"It is understood and agreed that the rights and interests hereby granted are subject to any legal rights that the said Reed Oil Company, J. Brooke Reed and Muskegon Oil Corporation, as aforesaid, with any and all persons holding under them or any of them, may have in and to said premises by reason of any leases heretofore made and entered into by said lessor."
That lease, by express covenants, obligated the Blue Arrow Petroleum Company to perform the things claimed to have been due from plaintiff under implied covenants. Under its lease the Blue Arrow Petroleum Company entered upon the premises, theretofore leased to plaintiff, and started to drill a well within 409 feet of one of plaintiff's wells. Thereupon plaintiff filed the bill herein to enjoin operations and interference by defendants with its leasehold rights. Defendant Bankers' Trust Company answered, and, by cross-bill, asked the court to adjudge plaintiff's lease forfeited. The other defendants also filed answers and asked damages because of restraint on operations.
The circuit judge decreed forfeiture of plaintiff's lease, except as to about 30 acres of the premises serving wells drilled by plaintiff, dissolved the injunction theretofore granted, and reserved the matter of damages to be awarded against plaintiff.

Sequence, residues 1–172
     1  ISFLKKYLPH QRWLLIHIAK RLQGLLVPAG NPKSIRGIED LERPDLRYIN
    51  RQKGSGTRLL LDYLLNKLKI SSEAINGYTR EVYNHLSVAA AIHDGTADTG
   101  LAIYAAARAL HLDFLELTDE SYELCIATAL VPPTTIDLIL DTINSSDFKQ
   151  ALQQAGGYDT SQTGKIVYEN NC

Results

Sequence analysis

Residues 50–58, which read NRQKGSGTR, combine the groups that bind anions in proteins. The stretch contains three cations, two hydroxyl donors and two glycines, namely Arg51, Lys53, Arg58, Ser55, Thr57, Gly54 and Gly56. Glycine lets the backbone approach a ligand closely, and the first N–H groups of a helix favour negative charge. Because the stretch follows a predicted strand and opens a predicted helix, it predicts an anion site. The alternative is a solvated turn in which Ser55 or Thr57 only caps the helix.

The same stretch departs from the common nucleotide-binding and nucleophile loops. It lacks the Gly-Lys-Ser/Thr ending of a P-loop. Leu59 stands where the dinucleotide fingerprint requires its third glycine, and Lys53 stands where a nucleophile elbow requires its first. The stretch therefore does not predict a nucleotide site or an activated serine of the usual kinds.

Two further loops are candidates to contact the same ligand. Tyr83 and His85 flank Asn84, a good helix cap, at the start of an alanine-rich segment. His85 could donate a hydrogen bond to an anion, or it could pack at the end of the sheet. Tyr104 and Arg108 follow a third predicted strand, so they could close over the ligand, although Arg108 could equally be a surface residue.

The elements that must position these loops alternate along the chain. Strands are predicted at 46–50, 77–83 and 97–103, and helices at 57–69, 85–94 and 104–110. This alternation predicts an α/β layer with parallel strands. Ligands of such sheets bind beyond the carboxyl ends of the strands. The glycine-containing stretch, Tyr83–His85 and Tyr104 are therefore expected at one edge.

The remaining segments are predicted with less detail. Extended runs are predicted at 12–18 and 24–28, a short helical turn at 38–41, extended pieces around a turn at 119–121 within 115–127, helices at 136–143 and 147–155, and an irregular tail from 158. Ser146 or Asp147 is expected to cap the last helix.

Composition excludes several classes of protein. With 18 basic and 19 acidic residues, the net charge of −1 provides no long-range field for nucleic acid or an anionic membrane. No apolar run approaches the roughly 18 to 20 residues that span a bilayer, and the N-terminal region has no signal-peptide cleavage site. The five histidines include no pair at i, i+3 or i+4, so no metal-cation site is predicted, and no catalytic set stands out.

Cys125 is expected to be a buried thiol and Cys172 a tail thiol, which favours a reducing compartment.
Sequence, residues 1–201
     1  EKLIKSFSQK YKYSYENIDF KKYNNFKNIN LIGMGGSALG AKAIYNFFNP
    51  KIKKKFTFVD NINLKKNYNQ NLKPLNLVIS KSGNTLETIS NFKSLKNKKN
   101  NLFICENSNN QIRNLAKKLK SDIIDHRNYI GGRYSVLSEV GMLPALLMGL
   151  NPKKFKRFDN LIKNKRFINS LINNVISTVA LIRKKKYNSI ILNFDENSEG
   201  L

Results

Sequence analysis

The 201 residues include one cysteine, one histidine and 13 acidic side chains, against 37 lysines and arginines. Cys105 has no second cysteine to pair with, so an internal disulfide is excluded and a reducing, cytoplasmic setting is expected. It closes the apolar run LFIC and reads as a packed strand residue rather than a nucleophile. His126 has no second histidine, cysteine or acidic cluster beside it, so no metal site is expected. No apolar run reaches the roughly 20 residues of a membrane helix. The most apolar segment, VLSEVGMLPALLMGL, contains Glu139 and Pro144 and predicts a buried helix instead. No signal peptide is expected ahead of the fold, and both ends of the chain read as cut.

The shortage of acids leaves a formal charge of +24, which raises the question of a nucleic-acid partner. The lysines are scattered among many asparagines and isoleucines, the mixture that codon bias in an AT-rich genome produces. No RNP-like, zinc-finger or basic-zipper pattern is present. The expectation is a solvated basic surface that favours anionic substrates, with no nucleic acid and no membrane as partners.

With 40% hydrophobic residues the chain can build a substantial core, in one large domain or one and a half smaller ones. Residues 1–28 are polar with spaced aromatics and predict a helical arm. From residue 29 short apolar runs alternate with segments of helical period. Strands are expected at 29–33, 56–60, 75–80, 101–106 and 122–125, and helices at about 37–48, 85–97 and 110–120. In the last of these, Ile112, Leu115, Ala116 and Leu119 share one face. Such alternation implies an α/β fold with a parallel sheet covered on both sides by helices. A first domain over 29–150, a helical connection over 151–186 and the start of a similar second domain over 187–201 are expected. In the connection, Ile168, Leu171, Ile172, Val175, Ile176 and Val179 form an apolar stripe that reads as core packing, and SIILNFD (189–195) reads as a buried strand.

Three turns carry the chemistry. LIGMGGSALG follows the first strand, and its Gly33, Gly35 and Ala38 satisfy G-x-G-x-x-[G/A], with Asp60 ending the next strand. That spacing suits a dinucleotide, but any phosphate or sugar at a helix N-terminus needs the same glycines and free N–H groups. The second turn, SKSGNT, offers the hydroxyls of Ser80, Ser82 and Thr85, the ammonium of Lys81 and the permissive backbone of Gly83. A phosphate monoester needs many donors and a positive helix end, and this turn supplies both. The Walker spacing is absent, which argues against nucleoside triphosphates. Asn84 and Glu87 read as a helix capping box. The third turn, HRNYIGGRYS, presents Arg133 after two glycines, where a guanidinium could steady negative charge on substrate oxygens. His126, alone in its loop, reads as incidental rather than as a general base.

Plaintiff states five questions involved, and defendant Bankers' Trust Company states four additional. Summarized, the questions are:
1. Are defendants trespassers?
2. Can this lease be forfeited for breach of implied covenants?
3. If so, has reason for forfeiture been established?
4. Had the court power to cancel the lease in part and split the acreage thereby?
At the time the lease to plaintiff was executed, the statute, 3 Comp. Laws 1915, § 11691, provided:
"No covenant shall be implied in any conveyance of real estate, whether such conveyance contain special covenants or not."
This statute was amended by Act No. 168, Pub. Acts 1929 (3 Comp. Laws 1929, § 13281), and now reads:
"No covenant shall be implied in any conveyance of real estate, except oil and gas leases, whether such conveyance contain special covenants or not."